• Enhanced Currency. Mergers of equals are usually stock deals, allowing the shareholders of each institution to maintain their investment in the combined company. The goal is for the value of the combined entities’ stock to receive an uptick in value at the conclusion of not only the initial merger, but also upon the ultimate sale of the combined institution.
  • Management Integration. Combining the management teams and the boards into an effective team for the surviving bank without bruising egos can be challenging. However, a common goal and meaningful relationships between members of the leadership team of the two institutions can be helpful in finding a path forward.

If two like-minded banks are able to identify each other, negotiating the terms of the transaction can be a complex process, as many management and cultural issues must be resolved prior to entry into the merger agreement. Who is going to be the chief executive officer of the combined institution? Who is going to be on the board? Often, new employment agreements will be negotiated in order to lock in the new management team through the integration of the two institutions. The merger partners should also use the negotiation process to formulate an identity for the resulting bank. While a strategic plan for the combined institution is not a component of the merger agreement, a merger of equals demands that the two merger partners work together to chart a future course for the combined company. Unlike other acquisitions, where the work of integration will begin in earnest following the signing of the merger agreement, formulating a management team, as well as the strategic and business plans of the combined bank, starts at the negotiating table in a merger of equals.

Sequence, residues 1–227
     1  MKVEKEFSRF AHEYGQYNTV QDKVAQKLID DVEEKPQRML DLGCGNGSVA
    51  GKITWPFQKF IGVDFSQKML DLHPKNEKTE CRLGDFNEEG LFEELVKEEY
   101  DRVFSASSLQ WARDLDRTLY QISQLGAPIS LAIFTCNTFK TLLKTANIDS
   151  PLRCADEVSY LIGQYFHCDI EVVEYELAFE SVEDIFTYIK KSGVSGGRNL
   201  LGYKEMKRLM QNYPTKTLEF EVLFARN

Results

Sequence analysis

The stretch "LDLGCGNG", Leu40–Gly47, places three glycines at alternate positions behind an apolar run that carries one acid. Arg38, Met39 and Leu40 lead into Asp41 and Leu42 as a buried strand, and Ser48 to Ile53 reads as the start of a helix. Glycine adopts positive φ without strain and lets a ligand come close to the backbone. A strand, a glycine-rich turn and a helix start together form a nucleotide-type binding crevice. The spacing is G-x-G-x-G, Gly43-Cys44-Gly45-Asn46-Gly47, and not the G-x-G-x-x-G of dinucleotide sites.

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M&A: How to Review Deals at the Board Level